Today I voted for the European Parliament. I love voting. I am filled with surprising joy when I cast my vote. It’s a moment of freedom and pride. We all should do it. It’s scary to note that it is likely that one of the victorious forces to come out of this election will be the far-right parties all over the continent. So abstention must be overcome, it’s a non-starter at this point. We must all vote. After I cast that bulletin in the ballot I came home and went over an unpublished article on Europe I wrote a couple of years ago and found it very current and still encapsulating my ideas. So here are some of them.
Today, it’s a cliché to state that the European Union and all its History since the foundation of the European Community of Coal and Steel in 1952 allowed for a particularly long period of peace and prosperity. Military campaigns in Europe were until recently not only frequent but extremely costly. After the disastrous World Wars and following Montesquieu’s idea that commerce leads to peace, European integration has arguably benefited the whole world.
The path, however, has not been easy, with challenges at every corner over decades. The lightning-fast fall of the Berlin Wall and the Soviet Union and the end of the Cold War, for instance, took everyone by surprise. Suddenly, countries just beyond the border of Germany wanted to take part in this great experiment of modernity and liberty. Poland, Hungary, the Czech Republic, Slovakia, Slovenia, and several other States were released from the tight fist of communism and everyone rushed to welcome them. Everyone seemed eager to take them in. Country after country. And no-one seemed happier than the US, who lobbied endlessly for countries to join the Union. Even Turkey and Ukraine were considered.
Through it all, the European leaders have always responded with steps forward: they promoted rampant enlargement and flourishing bureaucracies, brought down borders, unified currencies, created High Courts and Banks etc. Treaty after treaty, what the European Union is today was almost unimaginable at the beginning of the 1950s. I was 15 years old when my country, Portugal, joined the EU in 1986. The Union was then called EEC, European Economic Community, entertained 12 member-States and was ruled by the Treaty of Rome. Now, the EU has 28 member-States (27 once/if the UK leaves) and is ruled by the Treaty of Lisbon. And no-one ever asked me what I thought of it. Actually, no-one ever asked most of the 500 million citizens of this great behemoth what they thought of these immense changes even though most aspects of their lives are now commanded by European rules. And many of them were not ready.
These citizens have been increasingly showing concerns. European countries are democratic countries, with a solid tradition of legitimacy based on popular vote. However, the European institutions themselves do not follow this principle. The European Commission is nominated without elections and wields considerable power. The European Parliament is elected but in a strange and diffuse way. When I vote for the European Parliament I vote in a national election, and for national parties. But these parties are grouped differently in the European Parliament. So I may vote for Portugal’s Social-Democratic Party in a European election in my country. But this party will be integrated into the European Popular Party in the European Parliament. I know what the Social-Democratic Party stands for in Portugal but, unless I’m very educated and knowledgeable, I will have no idea what the European Popular Party stands for in the EP. And I never actually voted for the European Popular Party anyway, and never will – the system doesn’t work like that. Besides, the European Parliament doesn’t have much power anyway.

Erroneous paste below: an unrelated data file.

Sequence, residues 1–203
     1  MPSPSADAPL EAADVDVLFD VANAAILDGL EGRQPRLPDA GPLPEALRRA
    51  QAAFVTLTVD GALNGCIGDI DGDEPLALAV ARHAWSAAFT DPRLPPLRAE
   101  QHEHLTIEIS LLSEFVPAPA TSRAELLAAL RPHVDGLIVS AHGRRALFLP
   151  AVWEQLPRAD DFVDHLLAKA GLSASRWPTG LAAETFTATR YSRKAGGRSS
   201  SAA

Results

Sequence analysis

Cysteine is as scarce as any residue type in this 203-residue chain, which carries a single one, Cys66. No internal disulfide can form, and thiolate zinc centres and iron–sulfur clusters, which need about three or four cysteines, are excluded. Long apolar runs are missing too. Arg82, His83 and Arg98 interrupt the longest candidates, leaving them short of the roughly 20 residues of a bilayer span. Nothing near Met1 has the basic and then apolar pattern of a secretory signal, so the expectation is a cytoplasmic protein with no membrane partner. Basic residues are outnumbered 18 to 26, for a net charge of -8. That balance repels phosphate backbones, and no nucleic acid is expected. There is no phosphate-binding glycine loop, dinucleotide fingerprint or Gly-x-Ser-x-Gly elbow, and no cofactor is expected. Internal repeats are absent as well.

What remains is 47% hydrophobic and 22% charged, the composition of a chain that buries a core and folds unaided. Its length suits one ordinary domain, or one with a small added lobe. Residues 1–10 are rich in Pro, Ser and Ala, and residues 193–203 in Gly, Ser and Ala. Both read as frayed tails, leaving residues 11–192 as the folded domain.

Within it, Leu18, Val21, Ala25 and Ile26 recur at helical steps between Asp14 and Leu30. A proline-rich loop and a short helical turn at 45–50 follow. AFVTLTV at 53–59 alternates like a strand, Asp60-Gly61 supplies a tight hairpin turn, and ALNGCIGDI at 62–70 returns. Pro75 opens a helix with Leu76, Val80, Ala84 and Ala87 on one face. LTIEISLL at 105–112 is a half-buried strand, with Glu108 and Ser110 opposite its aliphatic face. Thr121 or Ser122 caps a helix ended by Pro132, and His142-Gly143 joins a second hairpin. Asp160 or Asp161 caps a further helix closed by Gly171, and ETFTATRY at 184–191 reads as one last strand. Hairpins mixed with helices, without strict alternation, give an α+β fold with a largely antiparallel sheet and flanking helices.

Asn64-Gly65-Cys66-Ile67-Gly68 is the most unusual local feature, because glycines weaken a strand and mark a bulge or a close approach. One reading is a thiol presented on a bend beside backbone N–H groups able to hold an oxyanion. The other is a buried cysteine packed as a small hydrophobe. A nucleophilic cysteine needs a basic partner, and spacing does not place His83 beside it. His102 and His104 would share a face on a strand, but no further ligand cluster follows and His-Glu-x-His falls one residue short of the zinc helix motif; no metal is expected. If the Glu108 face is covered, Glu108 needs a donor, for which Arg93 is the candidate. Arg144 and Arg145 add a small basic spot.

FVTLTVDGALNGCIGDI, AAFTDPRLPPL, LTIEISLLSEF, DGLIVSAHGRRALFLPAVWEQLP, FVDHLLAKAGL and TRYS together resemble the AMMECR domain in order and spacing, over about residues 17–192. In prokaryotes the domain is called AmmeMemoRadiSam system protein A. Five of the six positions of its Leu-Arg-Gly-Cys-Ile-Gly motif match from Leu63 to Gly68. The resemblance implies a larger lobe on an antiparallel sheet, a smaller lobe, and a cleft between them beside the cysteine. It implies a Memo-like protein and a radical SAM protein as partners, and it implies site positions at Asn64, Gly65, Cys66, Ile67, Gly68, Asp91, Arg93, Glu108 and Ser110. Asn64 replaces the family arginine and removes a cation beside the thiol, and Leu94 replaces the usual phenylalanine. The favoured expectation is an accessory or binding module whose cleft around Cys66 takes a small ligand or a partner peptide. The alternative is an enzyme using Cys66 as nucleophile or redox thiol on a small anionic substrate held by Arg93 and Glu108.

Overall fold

So, in the end, it’s the Union’s Council of Ministers that remains the most powerful body, deciding the most important matters behind closed doors. In the Council, the ministers and representatives of the Governments of each member-State trade in influence and big ideas. And some dark and pernicious little monsters start to unveil: the fear of Germanic hegemony, the looming Franco-German axis, secret and selected summits, etc. Maybe all of them illusions or exaggerations. Still, that’s what we see in the Council. The remains of Old Europe, a Europe of greedy Sovereign States, working in the shadows of the diplomatic elites, with arm-wrestling deals and fragile alliances.
If the European Union were a Federation like the United States, the Government would have to satisfy even the weaker states. A Presidential Candidate in the US wouldn’t dream of campaigning only in Texas or California, ignoring all the other states. And even though many of the candidates come from big states like New York or Illinois or Texas, some of the Presidents were born in smaller states. Bill Clinton came from Arkansas, John Kennedy from Massachusetts, Jimmy Carter from Georgia.
In Europe, however, a Spanish citizen or a Slovenian or a Greek knows that Angela Merkel has incredible power over his or her life. But she is not elected by either of them. She must only satisfy the Germans. The same for Macron, the French President, who only serves the French. And the same for any other national leader.